With the mutual benefit non-profit corporation, you can without government control, obtain financing of membership and still obtain financing through the state and local government sources. Just be sure you examine the full impact of the LEC before you proceed. The mutual benefit non-profit corporation will be separately discussed in this series of articles.

Gerald R. Gibbs, President, The Gibbs Law Firm, APC

About The Gibbs Law Firm, APC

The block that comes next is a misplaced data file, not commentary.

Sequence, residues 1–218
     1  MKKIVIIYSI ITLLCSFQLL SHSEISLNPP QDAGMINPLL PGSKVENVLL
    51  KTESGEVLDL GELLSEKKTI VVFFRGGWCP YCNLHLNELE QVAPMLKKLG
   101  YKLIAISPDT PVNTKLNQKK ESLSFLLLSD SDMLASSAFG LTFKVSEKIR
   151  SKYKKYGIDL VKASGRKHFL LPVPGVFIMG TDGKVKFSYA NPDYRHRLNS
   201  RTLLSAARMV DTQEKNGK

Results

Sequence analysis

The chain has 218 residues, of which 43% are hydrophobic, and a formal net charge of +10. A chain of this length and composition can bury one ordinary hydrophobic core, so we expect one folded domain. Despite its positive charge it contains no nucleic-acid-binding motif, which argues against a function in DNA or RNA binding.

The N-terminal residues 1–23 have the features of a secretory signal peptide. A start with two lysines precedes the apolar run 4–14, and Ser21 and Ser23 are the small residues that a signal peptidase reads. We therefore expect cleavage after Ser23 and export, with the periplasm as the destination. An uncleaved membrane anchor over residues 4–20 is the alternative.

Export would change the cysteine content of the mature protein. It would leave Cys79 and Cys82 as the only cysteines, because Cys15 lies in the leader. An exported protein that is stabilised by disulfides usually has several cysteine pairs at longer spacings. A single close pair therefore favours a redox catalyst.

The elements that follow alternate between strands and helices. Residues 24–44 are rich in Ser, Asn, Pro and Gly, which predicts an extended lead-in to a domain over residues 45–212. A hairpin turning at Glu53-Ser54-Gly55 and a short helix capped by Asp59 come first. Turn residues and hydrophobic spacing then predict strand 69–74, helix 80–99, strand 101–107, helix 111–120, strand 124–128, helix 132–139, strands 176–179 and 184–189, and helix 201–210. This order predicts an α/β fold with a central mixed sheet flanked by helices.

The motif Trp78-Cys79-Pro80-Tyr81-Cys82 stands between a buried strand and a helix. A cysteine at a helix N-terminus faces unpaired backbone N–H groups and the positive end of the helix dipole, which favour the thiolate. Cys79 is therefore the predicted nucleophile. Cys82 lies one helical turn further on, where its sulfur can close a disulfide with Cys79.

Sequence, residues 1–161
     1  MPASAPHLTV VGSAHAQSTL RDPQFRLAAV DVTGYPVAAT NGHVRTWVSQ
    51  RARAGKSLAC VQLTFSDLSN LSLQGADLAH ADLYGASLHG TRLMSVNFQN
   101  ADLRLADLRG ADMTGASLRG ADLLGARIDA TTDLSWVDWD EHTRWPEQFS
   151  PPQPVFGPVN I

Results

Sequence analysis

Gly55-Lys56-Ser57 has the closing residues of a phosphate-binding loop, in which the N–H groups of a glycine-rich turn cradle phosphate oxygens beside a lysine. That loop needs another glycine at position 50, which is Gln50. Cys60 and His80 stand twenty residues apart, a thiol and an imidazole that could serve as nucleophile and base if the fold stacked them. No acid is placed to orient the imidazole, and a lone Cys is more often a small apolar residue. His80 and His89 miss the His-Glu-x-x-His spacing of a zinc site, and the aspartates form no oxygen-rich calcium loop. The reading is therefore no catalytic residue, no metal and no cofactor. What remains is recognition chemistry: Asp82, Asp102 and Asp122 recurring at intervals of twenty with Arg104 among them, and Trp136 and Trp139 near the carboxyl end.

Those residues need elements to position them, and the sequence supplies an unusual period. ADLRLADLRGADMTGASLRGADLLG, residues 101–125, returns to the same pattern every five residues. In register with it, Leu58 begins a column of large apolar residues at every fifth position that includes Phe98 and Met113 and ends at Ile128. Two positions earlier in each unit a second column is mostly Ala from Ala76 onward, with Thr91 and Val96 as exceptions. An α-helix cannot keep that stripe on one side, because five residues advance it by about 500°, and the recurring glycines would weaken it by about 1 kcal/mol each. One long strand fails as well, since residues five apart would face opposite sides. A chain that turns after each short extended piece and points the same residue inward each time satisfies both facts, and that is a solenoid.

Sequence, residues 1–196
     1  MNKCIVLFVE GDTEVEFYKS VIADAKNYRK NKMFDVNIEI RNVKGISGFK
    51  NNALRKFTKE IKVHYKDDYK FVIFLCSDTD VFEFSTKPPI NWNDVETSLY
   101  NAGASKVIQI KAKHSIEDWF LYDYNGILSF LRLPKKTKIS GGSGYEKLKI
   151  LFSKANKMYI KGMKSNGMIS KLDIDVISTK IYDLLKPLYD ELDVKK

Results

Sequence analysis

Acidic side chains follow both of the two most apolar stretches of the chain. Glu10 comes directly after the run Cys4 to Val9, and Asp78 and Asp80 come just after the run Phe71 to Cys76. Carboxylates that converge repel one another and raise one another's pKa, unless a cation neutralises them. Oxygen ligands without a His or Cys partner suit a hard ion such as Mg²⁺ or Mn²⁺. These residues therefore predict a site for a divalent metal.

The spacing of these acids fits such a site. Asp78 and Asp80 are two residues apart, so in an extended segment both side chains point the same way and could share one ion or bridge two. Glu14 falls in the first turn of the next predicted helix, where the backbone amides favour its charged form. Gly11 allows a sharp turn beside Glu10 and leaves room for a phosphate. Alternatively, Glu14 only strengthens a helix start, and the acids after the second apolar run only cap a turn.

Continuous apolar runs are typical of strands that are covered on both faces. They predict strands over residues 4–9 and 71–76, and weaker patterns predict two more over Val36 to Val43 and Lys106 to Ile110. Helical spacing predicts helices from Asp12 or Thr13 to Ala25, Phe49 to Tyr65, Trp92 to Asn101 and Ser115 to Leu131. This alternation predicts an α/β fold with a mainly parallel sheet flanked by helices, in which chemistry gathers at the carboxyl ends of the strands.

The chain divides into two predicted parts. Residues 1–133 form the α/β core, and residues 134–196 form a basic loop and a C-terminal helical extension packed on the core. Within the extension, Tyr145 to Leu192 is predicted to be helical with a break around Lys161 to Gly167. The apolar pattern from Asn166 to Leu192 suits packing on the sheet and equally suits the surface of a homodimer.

The Gibbs Law Firm, APC has represented clients in all aspects of Real Estate and Business Transactions for more than 33 years from its office in San Clemente. Gerald R. Gibbs, and his son David Gibbs have a combined 48 years experience representing mobile home park owners and residents in a variety of legal matters, specializing in the sale of parks to its residents. Mr. Gibbs is generally acknowledged as one of the pioneers in the field of mobile home park conversions and subdivision, having represented Cities and other local jurisdictions, park owners, nonprofit entities, resident groups, and having testified in court and before legislative and administrative bodies on the subject of mobile home parks and conversion. Mr. Gibbs has worked with other industry leaders on shaping the legislation governing park conversions. For more information about this transaction or about the firm, please call David L. Gibbs at (949) 492-3350.